Scientists have identified the oldest living thing on Earth, a patch of seagrass growing underwater in the Mediterranean.


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Scientists have identified the oldest living thing on Earth, a patch of seagrass growing underwater in the Mediterranean.

Australian scientists sequenced the DNA of samples of the giant seagrass, Posidonia oceanic, from 40 underwater meadows in an area spanning more than 2,000 miles, from Spain to Cyprus.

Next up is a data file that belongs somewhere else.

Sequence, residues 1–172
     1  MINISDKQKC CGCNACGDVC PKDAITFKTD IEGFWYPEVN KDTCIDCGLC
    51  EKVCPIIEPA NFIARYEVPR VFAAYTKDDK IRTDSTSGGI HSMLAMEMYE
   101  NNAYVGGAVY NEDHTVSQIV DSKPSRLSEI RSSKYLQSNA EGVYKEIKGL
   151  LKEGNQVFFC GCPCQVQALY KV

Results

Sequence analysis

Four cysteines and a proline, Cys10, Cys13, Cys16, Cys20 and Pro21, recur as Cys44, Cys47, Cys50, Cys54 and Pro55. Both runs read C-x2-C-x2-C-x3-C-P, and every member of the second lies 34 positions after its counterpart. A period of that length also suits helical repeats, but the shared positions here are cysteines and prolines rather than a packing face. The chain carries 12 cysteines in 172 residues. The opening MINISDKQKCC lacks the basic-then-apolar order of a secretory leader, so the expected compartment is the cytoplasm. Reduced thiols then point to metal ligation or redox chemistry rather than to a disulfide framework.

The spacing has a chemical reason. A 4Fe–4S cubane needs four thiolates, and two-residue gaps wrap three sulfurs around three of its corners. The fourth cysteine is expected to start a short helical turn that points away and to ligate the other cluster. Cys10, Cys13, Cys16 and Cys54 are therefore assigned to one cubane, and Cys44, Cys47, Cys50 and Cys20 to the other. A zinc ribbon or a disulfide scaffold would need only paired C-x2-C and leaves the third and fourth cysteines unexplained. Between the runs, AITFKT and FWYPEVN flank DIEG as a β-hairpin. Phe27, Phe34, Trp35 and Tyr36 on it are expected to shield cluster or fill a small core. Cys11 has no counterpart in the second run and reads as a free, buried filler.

The analysis, published in the journal PLos ONE, found the seagrass was between 12,000 and 200,000 years old and was most likely to be at least 100,000 years old. This is far older than the current known oldest species, a Tasmanian plant that is believed to be 43,000 years old.

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